In 2019, the Internal Revenue Service received nearly 156 million tax returns. Then came the COVID-19 pandemic.
In 2022, the number of 1040s filed hit 169.7 million. 2021 saw 169.1 million returns sent to the IRS, and 2022 saw 164.3 returns sent.
During 2020-2022, the IRS most likely increased advance Child Tax Credit amounts in response to the Coronavirus, which caused spikes in tax filing. Most of those who still needed to file before 2020 did not have to do so by law. But they could only get the COVID benefits was to filing something. It’s important to remember that, despite pandemic payments. You may be entitled to other tax benefits if you file a return, but you cannot receive them otherwise.
These ten situations might allow you to get a refund.
1. Withheld taxes were too high for you. You are entitled to a refund if more withholding is needed. Most of us have income tax deducted from our paychecks regularly. Other sources of income also sometimes take some tax amounts off the top.
But the IRS doesn’t automatically send this money out to the over-withheld taxpayers. The only way to get any prepaid tax money back is to file a tax return to collect your refund.
2. You made estimated tax payments. These extra tax payments, usually four a year, are made on earnings that aren’t subject to withholding. Estimated taxes are the self-employed version of paycheck withholding but also are used to cover income from investment earnings or sales that produce capital gains sales. You want to make sure the IRS knows that you made estimated payments. And you want to file if you overpaid them. As with excess withholding, the only way to get your extra estimated amount back is via a refund when you file a return.
Then there are tax credits. This type of tax break reduces any tax you owe dollar-for-dollar. A refund of some of these items is possible. As that descriptor indicates, any excess distinction after your tax bill is erased comes back to you as a refund.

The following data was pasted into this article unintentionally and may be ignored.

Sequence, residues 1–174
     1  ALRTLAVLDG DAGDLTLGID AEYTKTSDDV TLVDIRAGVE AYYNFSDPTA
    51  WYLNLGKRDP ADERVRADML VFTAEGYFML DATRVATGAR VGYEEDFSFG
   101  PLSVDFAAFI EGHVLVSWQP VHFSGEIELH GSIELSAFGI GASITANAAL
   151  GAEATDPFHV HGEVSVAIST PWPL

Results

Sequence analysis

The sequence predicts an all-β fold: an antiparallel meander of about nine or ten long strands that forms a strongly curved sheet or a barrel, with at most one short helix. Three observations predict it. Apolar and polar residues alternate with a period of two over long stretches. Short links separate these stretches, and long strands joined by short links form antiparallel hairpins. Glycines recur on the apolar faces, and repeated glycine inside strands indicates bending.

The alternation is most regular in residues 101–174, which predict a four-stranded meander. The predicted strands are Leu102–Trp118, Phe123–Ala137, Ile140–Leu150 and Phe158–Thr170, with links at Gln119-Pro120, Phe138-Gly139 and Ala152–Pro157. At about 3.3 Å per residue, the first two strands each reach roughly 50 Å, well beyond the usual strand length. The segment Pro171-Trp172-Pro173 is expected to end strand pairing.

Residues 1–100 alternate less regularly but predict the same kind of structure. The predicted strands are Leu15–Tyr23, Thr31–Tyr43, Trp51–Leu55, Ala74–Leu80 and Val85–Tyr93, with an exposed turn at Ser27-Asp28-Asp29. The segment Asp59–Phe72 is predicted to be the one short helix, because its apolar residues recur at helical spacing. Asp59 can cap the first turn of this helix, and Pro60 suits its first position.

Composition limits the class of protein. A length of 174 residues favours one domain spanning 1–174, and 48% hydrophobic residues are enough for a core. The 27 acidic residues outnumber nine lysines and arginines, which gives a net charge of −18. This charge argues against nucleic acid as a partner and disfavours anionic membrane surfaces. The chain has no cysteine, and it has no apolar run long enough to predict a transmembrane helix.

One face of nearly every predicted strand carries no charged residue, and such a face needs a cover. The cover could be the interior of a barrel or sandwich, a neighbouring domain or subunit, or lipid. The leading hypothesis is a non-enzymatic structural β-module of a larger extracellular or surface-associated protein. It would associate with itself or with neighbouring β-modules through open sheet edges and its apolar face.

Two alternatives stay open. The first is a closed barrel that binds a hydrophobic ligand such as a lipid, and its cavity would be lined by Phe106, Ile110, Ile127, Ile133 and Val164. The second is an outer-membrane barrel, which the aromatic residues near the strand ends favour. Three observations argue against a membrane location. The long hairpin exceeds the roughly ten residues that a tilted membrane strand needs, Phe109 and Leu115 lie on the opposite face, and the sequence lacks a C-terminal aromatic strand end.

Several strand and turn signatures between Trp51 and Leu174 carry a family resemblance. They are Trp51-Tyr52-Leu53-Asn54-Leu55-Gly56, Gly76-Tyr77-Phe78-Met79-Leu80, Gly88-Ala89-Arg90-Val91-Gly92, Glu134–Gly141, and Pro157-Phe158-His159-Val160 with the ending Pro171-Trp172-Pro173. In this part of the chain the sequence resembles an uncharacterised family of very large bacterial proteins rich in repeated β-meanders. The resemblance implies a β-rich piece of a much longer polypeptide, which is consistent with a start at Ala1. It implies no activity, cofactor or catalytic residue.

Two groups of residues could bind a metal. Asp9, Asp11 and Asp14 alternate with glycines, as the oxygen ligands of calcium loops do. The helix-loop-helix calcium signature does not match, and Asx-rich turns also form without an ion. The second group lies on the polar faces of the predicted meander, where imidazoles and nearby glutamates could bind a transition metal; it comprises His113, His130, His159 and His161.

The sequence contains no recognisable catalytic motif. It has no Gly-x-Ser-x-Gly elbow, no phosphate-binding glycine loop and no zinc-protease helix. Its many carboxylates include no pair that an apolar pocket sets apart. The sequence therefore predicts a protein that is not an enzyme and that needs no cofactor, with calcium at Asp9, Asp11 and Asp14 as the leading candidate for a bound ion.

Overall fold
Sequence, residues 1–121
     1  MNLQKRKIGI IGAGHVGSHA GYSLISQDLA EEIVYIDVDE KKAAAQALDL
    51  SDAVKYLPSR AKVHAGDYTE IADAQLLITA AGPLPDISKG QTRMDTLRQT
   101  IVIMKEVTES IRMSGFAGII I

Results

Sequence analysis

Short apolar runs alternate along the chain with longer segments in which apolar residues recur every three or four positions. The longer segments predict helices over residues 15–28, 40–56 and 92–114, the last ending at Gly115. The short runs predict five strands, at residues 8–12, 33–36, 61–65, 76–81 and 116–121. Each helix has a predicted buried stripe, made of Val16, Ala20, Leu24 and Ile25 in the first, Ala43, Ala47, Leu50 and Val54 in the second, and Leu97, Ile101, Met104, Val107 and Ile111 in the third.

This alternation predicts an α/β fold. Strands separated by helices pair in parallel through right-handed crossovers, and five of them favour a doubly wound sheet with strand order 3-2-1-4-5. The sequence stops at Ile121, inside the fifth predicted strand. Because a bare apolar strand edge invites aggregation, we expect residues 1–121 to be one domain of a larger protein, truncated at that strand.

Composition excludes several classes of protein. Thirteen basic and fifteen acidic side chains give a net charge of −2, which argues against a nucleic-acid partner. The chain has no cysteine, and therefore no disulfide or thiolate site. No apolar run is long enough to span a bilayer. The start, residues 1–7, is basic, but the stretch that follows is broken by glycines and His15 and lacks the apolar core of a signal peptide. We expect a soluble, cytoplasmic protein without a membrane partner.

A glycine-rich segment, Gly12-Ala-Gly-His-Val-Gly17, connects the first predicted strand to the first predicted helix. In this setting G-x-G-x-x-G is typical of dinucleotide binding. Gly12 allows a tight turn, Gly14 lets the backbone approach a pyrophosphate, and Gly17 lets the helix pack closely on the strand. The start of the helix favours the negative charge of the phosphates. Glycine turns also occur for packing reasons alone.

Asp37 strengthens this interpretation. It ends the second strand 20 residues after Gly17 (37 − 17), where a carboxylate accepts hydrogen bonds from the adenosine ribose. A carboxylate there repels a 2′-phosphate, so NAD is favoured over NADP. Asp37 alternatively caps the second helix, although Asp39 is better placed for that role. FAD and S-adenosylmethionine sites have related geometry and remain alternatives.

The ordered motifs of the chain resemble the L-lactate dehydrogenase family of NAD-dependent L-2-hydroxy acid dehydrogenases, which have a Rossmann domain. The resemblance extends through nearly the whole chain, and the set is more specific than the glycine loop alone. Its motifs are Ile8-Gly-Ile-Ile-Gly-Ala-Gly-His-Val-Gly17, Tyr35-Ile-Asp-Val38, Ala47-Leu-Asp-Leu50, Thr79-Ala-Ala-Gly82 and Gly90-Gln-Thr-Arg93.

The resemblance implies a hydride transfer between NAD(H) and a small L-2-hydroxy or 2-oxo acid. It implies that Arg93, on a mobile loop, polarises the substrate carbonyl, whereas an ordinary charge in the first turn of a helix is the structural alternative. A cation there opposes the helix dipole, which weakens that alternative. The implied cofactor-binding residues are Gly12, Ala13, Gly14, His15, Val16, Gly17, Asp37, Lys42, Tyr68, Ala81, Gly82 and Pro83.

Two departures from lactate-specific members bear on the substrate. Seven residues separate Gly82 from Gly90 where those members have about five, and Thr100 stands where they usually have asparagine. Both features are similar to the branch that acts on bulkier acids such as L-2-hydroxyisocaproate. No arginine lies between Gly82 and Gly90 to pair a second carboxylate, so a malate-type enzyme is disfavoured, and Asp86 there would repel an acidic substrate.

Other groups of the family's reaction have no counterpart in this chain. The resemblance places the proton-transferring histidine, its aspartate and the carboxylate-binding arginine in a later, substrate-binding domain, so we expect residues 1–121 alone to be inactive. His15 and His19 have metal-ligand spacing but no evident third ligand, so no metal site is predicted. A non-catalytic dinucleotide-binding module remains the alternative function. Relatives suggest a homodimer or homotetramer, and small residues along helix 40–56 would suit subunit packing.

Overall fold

3. You’re eligible for the Earned Income Tax Credit. The EITC is a tax credit available to lower-income workers. Tax credits are also refundable. The maximum EITC amounts, determined by your family size, for 2022 filings are as follows —
- $6,935 for taxpayers filing jointly who have three or more qualifying children,
- $6,164 with two qualifying children,
- $3,733 with one qualifying child and
- $560 if you didn’t have any qualifying children in 2022.
4. You qualify for the Additional Child Tax Credit. Despite COVID’s expiration, the Additional Child Tax Credit (ACTC) still exists for families with more significant needs. While the $2,000 Child Tax Credit can only zero out your tax bill, the ACTC could get qualifying filers up to $1,500 per child as a refund.
5. You qualify for the American Opportunity tax credit. Depending on your educational background, you may be eligible for a $2,500 tax credit. Some qualifying filers can even reclaim up to $1,000 of the American Opportunity tax credit.
6. You qualify for the Affordable Care Act’s Premium Tax Credit. You no longer have to pay a tax penalty if you don’t have health insurance. There are still many who call the Affordable Care Act (ACA) medical coverage they get through health care marketplaces Obamacare. Many insurance buyers can afford their policies thanks to this tax break.